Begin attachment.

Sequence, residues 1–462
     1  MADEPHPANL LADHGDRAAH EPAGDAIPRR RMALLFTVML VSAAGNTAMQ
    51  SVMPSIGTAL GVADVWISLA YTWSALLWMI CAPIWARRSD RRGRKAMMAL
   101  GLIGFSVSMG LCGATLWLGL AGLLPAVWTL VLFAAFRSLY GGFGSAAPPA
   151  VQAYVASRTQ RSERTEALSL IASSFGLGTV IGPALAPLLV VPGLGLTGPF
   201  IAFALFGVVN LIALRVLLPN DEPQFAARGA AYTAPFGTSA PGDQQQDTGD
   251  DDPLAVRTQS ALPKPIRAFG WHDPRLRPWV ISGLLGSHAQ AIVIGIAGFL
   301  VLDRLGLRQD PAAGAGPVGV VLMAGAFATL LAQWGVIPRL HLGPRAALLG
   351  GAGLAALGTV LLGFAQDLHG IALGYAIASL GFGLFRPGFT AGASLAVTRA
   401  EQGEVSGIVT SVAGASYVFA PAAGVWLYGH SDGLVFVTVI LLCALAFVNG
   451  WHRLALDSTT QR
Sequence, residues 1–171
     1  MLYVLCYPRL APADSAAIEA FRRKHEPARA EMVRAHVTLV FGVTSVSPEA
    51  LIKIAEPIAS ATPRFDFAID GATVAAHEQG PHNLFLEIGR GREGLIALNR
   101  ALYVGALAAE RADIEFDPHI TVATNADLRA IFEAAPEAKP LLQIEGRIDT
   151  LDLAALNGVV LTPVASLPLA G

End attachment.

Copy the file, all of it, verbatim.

Sequence, residues 1–462
     1  MADEPHPANL LADHGDRAAH EPAGDAIPRR RMALLFTVML VSAAGNTAMQ
    51  SVMPSIGTAL GVADVWISLA YTWSALLWMI CAPIWARRSD RRGRKAMMAL
   101  GLIGFSVSMG LCGATLWLGL AGLLPAVWTL VLFAAFRSLY GGFGSAAPPA
   151  VQAYVASRTQ RSERTEALSL IASSFGLGTV IGPALAPLLV VPGLGLTGPF
   201  IAFALFGVVN LIALRVLLPN DEPQFAARGA AYTAPFGTSA PGDQQQDTGD
   251  DDPLAVRTQS ALPKPIRAFG WHDPRLRPWV ISGLLGSHAQ AIVIGIAGFL
   301  VLDRLGLRQD PAAGAGPVGV VLMAGAFATL LAQWGVIPRL HLGPRAALLG
   351  GAGLAALGTV LLGFAQDLHG IALGYAIASL GFGLFRPGFT AGASLAVTRA
   401  EQGEVSGIVT SVAGASYVFA PAAGVWLYGH SDGLVFVTVI LLCALAFVNG
   451  WHRLALDSTT QR
Sequence, residues 1–171
     1  MLYVLCYPRL APADSAAIEA FRRKHEPARA EMVRAHVTLV FGVTSVSPEA
    51  LIKIAEPIAS ATPRFDFAID GATVAAHEQG PHNLFLEIGR GREGLIALNR
   101  ALYVGALAAE RADIEFDPHI TVATNADLRA IFEAAPEAKP LLQIEGRIDT
   151  LDLAALNGVV LTPVASLPLA G